Figure 3: mRNA/LNP manufacture (DP generation); process flow diagram for the manufacture of encapsulated mRNA. Click on flow diagram to enlarge.


The bulk mRNA is stored frozen in low pH (4 to 6) citrate or acetate buffers at concentrations (typically 0.5 mg/mL to 5 mg/mL) typically higher than what is needed in solutions used for the LNP encapsulation process, and hence it may need additional dilution before the next step. This is achieved by diluting in corresponding low pH (4 to 6) citrate or acetate nuclease-free buffer before the encapsulation process.

LNP Encapsulation Process


mRNA/LNPs are formulated by mixing the lipid mixture dissolved in a polar protic solvent with the mRNA stream in an aqueous solvent at a low pH condition to induce spontaneous self-assembly. This is driven by (1) electrostatic interactions between the ionizable lipid and the phosphate backbone of the mRNA, followed by (2) an increase in solution pH to neutralize the ionizable lipid and facilitate hydrophobic interaction as well as changing the solvent polarity to restrict organic solvent in the final formulation. There are many types of mixing techniques, from traditional agitation to in-line techniques such as T-mixing, microfluidics, and x-flow.


Following encapsulation, an increase in the pH of the solution is necessary to minimize LNP heterogeneity and polydispersity. Dilution (or neutralization) is performed either by mixing with a high pH buffered solution, phosphate-buffered saline, or by slow dialysis. Slow dilution or dialysis (or dilution and dialysis followed by equilibration hold) is used to provide sufficient time for LNP fusion and particle stabilization and to help the system reach a steady state. After this process step, there is minimal further change in particle size distribution.

Sterile filtration is the final step before the encapsulated mRNA is stored or the production processes is completed and the product is packaged during fill and finish.

Fill And Finish

This process step can include a wide range of individual sub-steps (see Figure 4).

Figure 4: Final fill and finish; process flow diagram for the final fill and finish steps to generate final mRNA drug product. Click on flow diagram to enlarge.

Freeze, Shipping, And Thaw

LNP formulations are extremely sensitive to temperature and require cold chain conditions for both storage and shipment. Such a requirement for frozen storage may drive up the manufacturing complexity and cost for LNP DPs and can be a competitive disadvantage.

Normal Flow Filtration

Normal flow filtration is used post-thawing to remove any aggregates that might appear during the thawing step, as these can impact the quality of the DP. At this stage, it is important to choose low-binding and uncharged media filters to optimize product recovery.


The product concentration might need adjustment during the freeze-thaw process. An optional dilution step may need to be carried out to reach the right final process condition and concentration of the DP.

Pooling And Formulation

After thawing, the pooling and final formulation steps of the mRNA/LNP DP are ideally performed in closed systems in either small or large tanks. Engineering measures such as temperature control and monitoring of particulate exposure are used to ensure product efficacy and value are maintained.

Sterile Filtration

This step is required for assuring product sterility before final filling into vials. Special considerations might be needed for large-size mRNA/LNP DP that cannot pass through a 0.2 μm pore size of a sterilizing grade filter.

Final Fill Into DP Containers

Filling into the final DP container can generally be done in batch mode or in-line mode. Both scenarios require special considerations for LNPs because of their unique product characteristics. Due to the temperature sensitivity of mRNA LNPs, the in-process manufacturing hold time, i.e., the time when the bulk DP is out of controlled storage, is typically kept low. Minimizing hold times during a batch mode can be challenging, e.g., in the case of large batch volumes.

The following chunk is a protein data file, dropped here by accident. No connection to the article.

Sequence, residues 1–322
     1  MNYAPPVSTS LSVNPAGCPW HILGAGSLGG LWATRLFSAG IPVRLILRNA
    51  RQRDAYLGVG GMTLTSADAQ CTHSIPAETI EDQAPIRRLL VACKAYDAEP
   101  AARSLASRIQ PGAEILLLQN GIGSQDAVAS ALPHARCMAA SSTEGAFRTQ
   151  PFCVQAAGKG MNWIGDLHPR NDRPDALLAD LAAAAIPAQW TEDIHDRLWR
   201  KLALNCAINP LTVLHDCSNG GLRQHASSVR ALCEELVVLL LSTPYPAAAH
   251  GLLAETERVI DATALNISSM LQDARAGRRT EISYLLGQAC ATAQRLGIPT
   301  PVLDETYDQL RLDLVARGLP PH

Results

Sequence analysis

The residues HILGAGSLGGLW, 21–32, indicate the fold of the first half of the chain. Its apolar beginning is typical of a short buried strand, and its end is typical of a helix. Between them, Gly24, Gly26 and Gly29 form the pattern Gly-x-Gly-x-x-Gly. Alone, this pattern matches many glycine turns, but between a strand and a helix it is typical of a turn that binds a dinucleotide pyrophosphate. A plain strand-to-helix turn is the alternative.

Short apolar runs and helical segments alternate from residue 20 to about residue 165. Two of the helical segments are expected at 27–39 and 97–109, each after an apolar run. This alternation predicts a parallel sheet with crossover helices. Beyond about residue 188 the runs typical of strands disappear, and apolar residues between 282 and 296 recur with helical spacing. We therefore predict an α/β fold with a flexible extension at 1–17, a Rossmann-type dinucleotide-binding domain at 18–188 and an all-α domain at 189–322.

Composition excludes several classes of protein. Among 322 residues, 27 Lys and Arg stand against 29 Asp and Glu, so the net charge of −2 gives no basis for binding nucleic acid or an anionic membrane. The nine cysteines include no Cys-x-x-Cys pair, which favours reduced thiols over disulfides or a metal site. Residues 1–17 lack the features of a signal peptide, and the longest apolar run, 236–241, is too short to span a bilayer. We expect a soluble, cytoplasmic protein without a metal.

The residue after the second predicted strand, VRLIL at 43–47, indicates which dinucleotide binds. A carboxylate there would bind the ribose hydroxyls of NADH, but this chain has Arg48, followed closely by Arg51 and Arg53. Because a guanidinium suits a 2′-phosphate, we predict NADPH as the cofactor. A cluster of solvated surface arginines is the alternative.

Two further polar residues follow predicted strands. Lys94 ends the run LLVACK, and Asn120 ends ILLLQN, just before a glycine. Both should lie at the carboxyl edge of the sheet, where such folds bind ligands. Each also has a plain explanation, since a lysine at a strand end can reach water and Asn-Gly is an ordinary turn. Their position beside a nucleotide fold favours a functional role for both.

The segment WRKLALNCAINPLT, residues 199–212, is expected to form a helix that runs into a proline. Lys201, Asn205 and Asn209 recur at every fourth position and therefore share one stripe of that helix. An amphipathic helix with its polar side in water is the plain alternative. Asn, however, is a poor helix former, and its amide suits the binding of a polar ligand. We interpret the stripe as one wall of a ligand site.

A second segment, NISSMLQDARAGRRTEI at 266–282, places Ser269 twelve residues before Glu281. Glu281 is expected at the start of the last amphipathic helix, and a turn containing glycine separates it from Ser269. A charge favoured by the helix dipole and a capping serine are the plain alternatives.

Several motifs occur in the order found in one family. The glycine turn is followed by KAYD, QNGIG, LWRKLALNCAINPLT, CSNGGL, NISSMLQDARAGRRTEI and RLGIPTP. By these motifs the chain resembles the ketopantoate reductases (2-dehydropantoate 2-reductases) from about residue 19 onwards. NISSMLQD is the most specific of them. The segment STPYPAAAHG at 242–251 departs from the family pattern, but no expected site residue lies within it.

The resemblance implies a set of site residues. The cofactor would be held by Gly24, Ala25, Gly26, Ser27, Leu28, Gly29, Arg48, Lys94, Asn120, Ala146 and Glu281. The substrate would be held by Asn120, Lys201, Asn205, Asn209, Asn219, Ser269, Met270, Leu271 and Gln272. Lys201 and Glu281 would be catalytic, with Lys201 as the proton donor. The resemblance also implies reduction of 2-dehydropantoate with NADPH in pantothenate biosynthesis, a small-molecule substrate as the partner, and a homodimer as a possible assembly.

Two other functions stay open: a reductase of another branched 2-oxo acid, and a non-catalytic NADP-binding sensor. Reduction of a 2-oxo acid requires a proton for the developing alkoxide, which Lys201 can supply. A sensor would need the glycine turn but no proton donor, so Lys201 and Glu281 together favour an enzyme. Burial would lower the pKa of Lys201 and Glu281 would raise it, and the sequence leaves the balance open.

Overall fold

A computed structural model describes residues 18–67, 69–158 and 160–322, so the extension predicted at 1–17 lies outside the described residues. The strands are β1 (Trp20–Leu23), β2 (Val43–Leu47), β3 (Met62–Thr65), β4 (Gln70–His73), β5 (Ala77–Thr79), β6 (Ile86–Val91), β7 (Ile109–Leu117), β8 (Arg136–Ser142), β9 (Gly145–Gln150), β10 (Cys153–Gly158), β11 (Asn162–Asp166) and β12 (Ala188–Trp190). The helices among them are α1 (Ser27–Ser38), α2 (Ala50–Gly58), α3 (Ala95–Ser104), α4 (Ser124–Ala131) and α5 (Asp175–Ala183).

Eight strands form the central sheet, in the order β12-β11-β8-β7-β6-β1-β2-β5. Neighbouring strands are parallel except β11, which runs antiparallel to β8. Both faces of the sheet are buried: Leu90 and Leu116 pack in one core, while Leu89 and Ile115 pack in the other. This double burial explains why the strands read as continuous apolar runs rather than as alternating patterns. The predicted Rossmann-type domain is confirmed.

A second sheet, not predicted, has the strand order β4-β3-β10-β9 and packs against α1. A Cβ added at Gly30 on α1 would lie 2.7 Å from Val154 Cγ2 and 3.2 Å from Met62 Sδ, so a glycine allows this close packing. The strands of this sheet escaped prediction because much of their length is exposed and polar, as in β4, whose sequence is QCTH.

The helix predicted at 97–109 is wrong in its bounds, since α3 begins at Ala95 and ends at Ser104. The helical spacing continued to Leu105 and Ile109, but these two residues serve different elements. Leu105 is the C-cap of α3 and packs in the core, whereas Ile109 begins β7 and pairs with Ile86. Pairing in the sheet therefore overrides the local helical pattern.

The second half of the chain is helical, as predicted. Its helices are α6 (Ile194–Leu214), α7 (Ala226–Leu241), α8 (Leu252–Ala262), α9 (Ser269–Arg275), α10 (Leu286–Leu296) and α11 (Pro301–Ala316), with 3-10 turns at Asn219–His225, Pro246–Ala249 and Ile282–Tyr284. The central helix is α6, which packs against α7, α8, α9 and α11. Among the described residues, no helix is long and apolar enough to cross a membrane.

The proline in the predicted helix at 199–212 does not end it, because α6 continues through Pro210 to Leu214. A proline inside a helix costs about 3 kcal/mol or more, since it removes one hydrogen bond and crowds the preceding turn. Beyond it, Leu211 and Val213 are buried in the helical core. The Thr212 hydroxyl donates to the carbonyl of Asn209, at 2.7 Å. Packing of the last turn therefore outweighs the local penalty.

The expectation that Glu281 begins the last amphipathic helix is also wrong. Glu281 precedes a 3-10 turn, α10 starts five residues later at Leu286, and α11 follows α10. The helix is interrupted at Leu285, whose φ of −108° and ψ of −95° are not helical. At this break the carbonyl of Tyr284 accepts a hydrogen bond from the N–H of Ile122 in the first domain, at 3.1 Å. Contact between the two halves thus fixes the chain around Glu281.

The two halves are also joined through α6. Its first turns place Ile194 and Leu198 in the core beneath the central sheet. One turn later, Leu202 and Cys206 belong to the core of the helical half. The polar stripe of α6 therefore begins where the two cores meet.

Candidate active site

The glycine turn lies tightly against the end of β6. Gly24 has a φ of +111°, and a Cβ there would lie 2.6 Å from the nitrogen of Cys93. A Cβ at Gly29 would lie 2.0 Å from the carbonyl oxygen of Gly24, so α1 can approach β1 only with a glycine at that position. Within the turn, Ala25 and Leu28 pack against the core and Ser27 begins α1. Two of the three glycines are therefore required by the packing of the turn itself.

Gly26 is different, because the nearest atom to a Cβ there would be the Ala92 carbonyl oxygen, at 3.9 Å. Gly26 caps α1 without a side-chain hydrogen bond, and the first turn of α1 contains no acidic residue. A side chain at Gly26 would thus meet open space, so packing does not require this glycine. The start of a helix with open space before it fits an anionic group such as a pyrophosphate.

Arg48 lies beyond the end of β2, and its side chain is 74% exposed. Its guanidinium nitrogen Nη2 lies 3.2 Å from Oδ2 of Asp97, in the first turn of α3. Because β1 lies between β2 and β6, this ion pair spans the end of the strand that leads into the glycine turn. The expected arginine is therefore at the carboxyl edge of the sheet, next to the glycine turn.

Lyophilization, or freeze-drying, is commonly used in the biopharmaceutical industry to preserve product quality, increase stability, extend shelf life, or make the material more convenient for shipping. The process consists of removing water from the formulated product. Lyophilization works by freezing the material, reducing pressure, and adding heat to allow the frozen water in the material to sublimate.

Visual Inspection

Inspecting turbid or opalescent products can be challenging during both manual and automatic inspection processes. The contaminants can reside within the product at the center of the container, thus making it difficult for the inspector or the cameras to detect contaminants. USP <790> specifies a reference time of 10 s/container for the manual inspection process. Due to their turbid appearance, special injectables such as LNPs may require additional time for inspection.

Label And Pack

Labeling of all DPs is required both to provide accurate information regarding the product and to avoid misrepresentation of the ingredients or effects of a drug, whether accidental or intentional. Each separate product, including different strengths or concentrations of the same active pharmaceutical ingredient, must be separately labeled and identified.

QA Release

Releasing a vaccine or therapeutic to the public is a complex process. To make sure vaccines are as safe as intended, assurance of sterility and proper final product quality is essential. Appropriate testing must be conducted to ensure the filled vials, syringes, cartridges, etc., contain the correct quantity of sterile and contaminant-free product and meet the specified product quality criteria.


To meet the rising demand for mRNA products, there is a need for a technology platform and a cost-efficient manufacturing process. Developers and manufacturers must consider the detailed mRNA DS and DP manufacturing processes and any relevant equipment, chemicals, reagents, and parameters required and the scalability of the processes to ensure robust and reproducible manufacturing.

This article summarizes a recent BioPhorum publication on the topic. To read more about the detailed mRNA production process, check out the full paper Overview of end-to-end mRNA drug substance and drug product manufacturing processes and scale-up considerations.